Physical Effects of Anorexia Recovery: Response to Personal Story
- Category: Coping Strategies
The Question: How can I stop my eating disorder behavior? Answer: Rethink the question or you'll be caught in a control trap.
As Shelley so eloquently reveals in her comment responding to Wendeline's story, effective recovery work begins when the eating disorder behaviors around food begin to subside. That's when your emotional challenges reveal themselves. That's when your body reels and goes into shock at the massive change in how it is nourished and cared for. The idea that eating after starving or holding after purging or eating in a balanced way after regularly bingeing is the whole answer for recovery is so very wrong.
Why you develop an eating disorder: challenges and triggers
You develop eating disorder behaviors as a way of caring for yourself. It's not a good way, but it's the best you can do at the time. You use these behaviors because you don't have access to any other way to care for yourself when you meet certain challenges. The challenges vary with each person. But some challenges you share with others who have an eating disorder. Such challenges are called triggering events.
Separation is such a challenge, aka trigger. Returning to the scene of painful experience is a challenge, aka trigger. Entering an environment that reminds you of a painful experience - if you haven't worked it through psychologically and emotionally - is a challenge, aka trigger.
When you face such a challenge/trigger without using your eating disorder behaviors around food then what have you got? Without healing, support and recovery you are terrified with no way protection.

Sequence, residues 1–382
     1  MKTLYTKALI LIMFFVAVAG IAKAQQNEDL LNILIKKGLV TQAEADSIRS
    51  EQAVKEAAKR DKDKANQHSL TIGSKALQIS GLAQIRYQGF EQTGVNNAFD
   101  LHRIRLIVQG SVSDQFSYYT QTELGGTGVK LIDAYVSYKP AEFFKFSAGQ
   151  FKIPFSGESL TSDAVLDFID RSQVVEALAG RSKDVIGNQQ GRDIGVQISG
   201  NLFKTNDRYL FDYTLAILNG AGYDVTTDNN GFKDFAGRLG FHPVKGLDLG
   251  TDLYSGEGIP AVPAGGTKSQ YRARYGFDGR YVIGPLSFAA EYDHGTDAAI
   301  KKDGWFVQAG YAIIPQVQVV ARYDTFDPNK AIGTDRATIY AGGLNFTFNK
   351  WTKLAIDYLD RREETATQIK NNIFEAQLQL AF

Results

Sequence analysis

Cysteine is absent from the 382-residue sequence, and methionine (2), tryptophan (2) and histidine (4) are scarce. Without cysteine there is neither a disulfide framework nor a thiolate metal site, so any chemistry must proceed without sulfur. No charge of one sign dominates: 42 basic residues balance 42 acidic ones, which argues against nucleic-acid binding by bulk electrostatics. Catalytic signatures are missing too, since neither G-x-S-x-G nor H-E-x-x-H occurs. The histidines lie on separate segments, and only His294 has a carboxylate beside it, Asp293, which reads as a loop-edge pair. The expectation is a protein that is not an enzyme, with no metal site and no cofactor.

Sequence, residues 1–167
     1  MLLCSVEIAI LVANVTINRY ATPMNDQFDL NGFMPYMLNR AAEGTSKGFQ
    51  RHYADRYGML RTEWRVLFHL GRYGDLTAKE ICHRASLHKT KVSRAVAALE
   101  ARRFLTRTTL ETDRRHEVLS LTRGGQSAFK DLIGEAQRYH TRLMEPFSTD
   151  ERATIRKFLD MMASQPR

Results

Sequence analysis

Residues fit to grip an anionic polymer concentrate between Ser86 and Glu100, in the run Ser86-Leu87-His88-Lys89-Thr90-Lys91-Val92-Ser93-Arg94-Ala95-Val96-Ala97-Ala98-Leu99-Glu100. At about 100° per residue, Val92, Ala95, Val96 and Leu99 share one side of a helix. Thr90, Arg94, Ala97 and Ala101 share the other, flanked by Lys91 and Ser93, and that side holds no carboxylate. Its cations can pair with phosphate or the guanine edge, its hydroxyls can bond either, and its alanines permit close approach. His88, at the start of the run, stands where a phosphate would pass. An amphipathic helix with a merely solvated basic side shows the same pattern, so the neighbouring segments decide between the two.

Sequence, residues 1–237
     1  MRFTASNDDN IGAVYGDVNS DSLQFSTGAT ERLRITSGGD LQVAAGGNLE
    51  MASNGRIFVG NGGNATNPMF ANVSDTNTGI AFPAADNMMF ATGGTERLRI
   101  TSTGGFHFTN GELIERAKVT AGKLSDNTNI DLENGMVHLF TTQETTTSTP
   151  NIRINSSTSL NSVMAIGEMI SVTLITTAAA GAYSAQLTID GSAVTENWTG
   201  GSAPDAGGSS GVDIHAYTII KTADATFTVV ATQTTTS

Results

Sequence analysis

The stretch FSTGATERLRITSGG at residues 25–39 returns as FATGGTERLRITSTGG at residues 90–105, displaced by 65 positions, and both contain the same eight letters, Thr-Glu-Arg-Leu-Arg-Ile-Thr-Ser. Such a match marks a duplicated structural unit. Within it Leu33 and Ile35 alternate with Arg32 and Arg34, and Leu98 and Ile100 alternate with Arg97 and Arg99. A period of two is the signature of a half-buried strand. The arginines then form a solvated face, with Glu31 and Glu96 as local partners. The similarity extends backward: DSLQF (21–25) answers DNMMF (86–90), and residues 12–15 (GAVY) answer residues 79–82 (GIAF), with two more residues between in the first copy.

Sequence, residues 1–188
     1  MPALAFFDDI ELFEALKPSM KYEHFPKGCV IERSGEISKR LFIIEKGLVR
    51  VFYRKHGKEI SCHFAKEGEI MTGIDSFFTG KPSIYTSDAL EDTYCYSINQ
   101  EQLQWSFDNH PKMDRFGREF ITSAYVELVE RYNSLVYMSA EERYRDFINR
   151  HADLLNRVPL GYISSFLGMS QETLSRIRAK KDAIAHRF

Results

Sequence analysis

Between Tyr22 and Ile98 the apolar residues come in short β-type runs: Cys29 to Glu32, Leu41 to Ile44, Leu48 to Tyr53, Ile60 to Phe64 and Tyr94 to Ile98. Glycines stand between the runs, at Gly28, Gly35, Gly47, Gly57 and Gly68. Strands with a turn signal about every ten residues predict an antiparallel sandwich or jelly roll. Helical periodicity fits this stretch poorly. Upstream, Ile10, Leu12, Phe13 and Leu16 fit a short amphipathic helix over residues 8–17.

Blocking emotional pain
You can bear that agony for just so long. Then you revert to your tried and true savior, the eating disorder, or move on to something else that floods your emotional system. You may use drugs or alcohol or sex or shoplifting or raging tantrums or cutting, or moving around fast accomplishing nothing. Anything that gives a rush or the feeling of momentum will distract you from those unbearable feelings.
Physical and emotional effects of anorexic or restrictive bulimic recovery
So yes, Shelley, I agree with what you say,
"Realistically I know I can’t expect that suddenly my physical body will “adjust” and be normal and healthy overnight after so many years of abusing it. It’s literally healing itself, and that takes a lot of time. It’s why I’m so tired all the time. My body is using it’s energy to regenerate new cells and heal my internal organs. I’ve been told that just for my liver to heal itself takes up to two years. I have to be patient, and give it the rest and sleep it needs to heal."
I add to that, your capacity to hold and digest our emotions, to process your life experiences in a normal and healthy way so you can live a satisfying life also takes time, rest, and healing. Your inner sense of being needs to regenerate. You need to develop what you truly didn't have before so you can meet your challenges well.
Sign of recovery
One measure of recovery then can be when you notice that your challenges are not triggers. In recovery yur challenges bring up, not eating disorder behaviors, but strong assertive energy based on a solid sense of self and a willingness to fuel strategic thinking with your life force.
Thank you again, Shelley and Wendeline, for sharing your courageous healing stories with us.
Readers, how can you rethink the question, "how can I stop my eating disorder behaviors?" Can you get below that question and ask, "How can I develop the strength, health
and resources to to experience my challenges without resorting to eating disorder behavior? If you can, then your questions are, "How am I dong so far?" "What will help me continue on my recovery path?"
Please share your responses to these questions for the sake of your own recovery and for people who share your situation.